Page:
Q: Currently, the NDRF has 12 battalions at strategic locations across the country aided by 28 Regional Response Centres in other cities. Do you think that the NDRF has sufficient manpower and equipment to cope with the existing rescue and rehabilitation challenges in the country?
A: All NDRF battalions and Regional Response Centres are selected depending upon the vulnerability profile of the region. NDRF battalions are well-equipped and trained to respond to all kinds of disasters.
Recently, the Union Cabinet has approved the raising of four new battalions of NDRF to strengthen the country’s disaster response set up. So, there will be 16 NDRF units deployed across the country and this is a sizeable force to tackle the disaster needs of the country.
In addition, the NDRF is also training the State Disaster Response Forces to enhance response efforts at the local level.
Q: How is the NDRF using technology to provide quick response during any calamity in the country?
A: Technology multiplies the efforts of trained rescuers. In any disaster response, trained manpower and state-of-the-art equipment, both play a pivotal role. The NDRF has a rich equipment gallery of 310 state-of-the-art equipment as per international standards. The NDRF is also equipped with drones for better appreciation of the situation.
The NDRF has recently procured 24 new equipment like Rescue Radars, Early Earthquake Warning and Security System, Life Detectors, Chemical-Biological-Radiological Detectors, Search CAMs, Underwater SONAR detection system and latest communication equipment.
NDRF teams are also equipped with various types of cutters and lifting devices for assistance during any collapsed structure rescue. Apart from technological equipment, the NDRF has got a large pool of trained search dogs, who are specially trained to sniff live victims buried under the debris of any collapsed structure.
Q: Training is an essential part of the NDRF. How have you given importance to it?
A: Training is very important for disaster response preparedness and is an ongoing process. The NDRF is a unique force in the world as all our teams are equally trained to respond to miscellaneous types of disasters. Apart from basic training, we provide specialised/task based training to our rescuers in India and abroad.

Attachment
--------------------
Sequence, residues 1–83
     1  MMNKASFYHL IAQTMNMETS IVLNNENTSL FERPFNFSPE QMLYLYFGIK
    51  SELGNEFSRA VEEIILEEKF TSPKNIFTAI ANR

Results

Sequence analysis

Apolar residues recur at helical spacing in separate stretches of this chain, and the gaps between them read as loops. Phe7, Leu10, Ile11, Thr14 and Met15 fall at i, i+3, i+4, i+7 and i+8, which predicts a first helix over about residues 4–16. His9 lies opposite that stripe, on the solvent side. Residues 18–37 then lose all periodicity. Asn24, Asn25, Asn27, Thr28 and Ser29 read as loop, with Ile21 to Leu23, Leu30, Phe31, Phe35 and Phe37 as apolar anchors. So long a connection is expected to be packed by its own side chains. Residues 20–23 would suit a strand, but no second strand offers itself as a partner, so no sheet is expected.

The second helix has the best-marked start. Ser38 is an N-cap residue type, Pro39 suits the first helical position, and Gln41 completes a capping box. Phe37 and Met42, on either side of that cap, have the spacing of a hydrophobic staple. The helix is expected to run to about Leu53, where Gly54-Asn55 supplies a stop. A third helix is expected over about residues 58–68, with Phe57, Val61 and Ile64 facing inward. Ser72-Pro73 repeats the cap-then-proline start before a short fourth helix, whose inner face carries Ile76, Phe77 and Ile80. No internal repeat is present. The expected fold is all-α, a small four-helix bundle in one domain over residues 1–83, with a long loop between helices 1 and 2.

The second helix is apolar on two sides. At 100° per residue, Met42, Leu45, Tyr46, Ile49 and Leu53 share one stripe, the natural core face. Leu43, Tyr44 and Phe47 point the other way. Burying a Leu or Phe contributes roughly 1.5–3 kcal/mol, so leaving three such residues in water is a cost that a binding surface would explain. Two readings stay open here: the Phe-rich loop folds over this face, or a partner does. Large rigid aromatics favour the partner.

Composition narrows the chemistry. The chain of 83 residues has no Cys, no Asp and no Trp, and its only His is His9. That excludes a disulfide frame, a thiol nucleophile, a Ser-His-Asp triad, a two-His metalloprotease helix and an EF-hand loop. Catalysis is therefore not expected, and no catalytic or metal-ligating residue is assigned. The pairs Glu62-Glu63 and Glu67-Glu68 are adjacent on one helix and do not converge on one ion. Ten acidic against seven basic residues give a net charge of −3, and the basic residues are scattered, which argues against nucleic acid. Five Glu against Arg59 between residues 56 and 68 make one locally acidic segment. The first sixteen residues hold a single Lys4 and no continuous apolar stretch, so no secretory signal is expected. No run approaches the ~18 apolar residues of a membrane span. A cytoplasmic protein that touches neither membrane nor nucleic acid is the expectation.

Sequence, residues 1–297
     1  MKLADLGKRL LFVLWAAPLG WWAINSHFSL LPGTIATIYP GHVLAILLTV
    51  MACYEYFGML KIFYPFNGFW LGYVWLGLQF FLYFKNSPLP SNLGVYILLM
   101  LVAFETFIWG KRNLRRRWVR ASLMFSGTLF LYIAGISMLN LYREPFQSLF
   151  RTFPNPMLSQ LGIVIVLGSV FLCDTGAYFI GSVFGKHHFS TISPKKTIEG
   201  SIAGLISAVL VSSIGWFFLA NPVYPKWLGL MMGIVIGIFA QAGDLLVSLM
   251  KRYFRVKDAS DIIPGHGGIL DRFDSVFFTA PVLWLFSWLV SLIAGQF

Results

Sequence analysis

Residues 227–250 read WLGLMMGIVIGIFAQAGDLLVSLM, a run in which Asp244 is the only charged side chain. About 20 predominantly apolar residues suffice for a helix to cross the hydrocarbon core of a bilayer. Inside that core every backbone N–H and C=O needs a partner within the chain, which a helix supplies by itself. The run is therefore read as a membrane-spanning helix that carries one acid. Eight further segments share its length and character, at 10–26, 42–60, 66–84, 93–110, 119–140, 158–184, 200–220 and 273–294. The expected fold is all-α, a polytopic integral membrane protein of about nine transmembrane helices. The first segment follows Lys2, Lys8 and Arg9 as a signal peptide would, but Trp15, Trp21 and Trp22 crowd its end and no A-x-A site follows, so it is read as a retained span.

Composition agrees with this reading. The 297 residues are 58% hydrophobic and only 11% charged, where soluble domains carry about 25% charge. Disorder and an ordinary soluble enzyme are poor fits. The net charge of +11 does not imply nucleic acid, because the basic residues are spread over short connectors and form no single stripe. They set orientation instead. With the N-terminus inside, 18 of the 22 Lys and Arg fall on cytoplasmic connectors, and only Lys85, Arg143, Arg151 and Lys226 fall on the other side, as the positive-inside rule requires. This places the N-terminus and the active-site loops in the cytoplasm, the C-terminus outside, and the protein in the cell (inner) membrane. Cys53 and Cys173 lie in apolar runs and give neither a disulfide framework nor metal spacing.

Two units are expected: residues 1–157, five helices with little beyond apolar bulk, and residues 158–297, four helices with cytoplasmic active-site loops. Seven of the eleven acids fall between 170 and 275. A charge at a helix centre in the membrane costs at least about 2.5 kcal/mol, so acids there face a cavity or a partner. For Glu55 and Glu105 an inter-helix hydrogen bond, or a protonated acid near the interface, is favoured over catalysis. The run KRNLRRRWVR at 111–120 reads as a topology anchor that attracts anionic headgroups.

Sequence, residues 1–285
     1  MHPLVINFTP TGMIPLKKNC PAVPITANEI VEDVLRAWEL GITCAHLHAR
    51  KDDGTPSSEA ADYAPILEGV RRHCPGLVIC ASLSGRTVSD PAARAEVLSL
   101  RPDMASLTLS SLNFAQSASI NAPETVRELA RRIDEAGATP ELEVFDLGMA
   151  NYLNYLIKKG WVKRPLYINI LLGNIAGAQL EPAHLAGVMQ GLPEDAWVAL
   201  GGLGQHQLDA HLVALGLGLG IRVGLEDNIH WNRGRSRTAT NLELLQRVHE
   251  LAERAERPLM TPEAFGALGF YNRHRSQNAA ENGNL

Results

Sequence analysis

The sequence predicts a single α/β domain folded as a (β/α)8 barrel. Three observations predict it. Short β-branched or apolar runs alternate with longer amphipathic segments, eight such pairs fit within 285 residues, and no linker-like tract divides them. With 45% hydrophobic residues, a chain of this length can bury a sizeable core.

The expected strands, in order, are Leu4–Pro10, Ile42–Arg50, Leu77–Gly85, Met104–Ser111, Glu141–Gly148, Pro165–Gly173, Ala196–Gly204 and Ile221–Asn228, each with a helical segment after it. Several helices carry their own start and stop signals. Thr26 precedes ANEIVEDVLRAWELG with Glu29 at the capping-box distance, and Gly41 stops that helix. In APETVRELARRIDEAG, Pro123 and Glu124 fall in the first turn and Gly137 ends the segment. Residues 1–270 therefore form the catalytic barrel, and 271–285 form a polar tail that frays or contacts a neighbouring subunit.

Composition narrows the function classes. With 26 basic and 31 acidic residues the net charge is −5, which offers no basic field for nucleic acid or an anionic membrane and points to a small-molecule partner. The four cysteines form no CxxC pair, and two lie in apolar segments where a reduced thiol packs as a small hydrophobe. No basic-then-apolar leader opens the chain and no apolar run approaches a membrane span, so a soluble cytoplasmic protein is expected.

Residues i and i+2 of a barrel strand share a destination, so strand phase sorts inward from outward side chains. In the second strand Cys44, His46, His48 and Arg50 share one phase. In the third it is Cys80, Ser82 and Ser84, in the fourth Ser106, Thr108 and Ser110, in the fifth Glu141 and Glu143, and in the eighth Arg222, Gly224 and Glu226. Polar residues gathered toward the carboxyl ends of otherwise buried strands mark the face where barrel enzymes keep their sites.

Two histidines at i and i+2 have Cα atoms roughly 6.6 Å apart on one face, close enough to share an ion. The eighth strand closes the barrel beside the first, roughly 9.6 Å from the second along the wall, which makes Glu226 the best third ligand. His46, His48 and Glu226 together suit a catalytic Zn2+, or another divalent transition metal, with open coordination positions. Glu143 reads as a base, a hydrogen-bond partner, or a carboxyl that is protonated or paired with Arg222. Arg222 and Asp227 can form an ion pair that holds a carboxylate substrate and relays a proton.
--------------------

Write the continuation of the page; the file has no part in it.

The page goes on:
Efforts are being made to develop the NDRF Academy at Nagpur as a world class and premier disaster management training institute.
Q: Is the NDRF equipped enough to respond to a Chemical, Biological, Radiological and Nuclear (CBRN) emergency?
A: The NDRF is well trained and equipped to respond to any Chemical, Biological, Radiological and Nuclear emergency. Since this requires an altogether different kind of skill and equipment, half of our teams are trained and equipped to deal with CBRN emergencies.
Q: The country needs to build a structured response system to check any disaster. How is the incumbent government helping the NDRF in this direction?
A: The government is proactively assisting the NDRF, as well as other stakeholders, for a better and structured disaster response system.
Q: Every year, about 2,000 people die due to floods across the country. Are there new strategies to prevent such scenarios?
A: Floods in the country are an annual occurrence. At NDRF, it is our constant endeavour to respond immediately and instantly during floods. Pre-positioning of a large number of teams is also a part of this strategy. Other sister agencies and stakeholders are also working tirelessly to prevent damages and losses due to floods under the proactive guidance and leadership of the Ministry of Home Affairs and PMO.
Q: Would you like to share any other details with us?
A: Besides strengthening its own response capabilities, the NDRF is tirelessly engaged in enhancing the response capabilities of states and make them self-sufficient to tackle emergencies and minimise losses to the life and property. We are simultaneously working for capacity building of stakeholders like SDRFs, Home Guards, Civil Defence Volunteers and National Cadet Corps by imparting training and holding joint mock drills regularly. In the process of capacity building initiatives, the NDRF has so far sensitised over 58 lakh people across the country.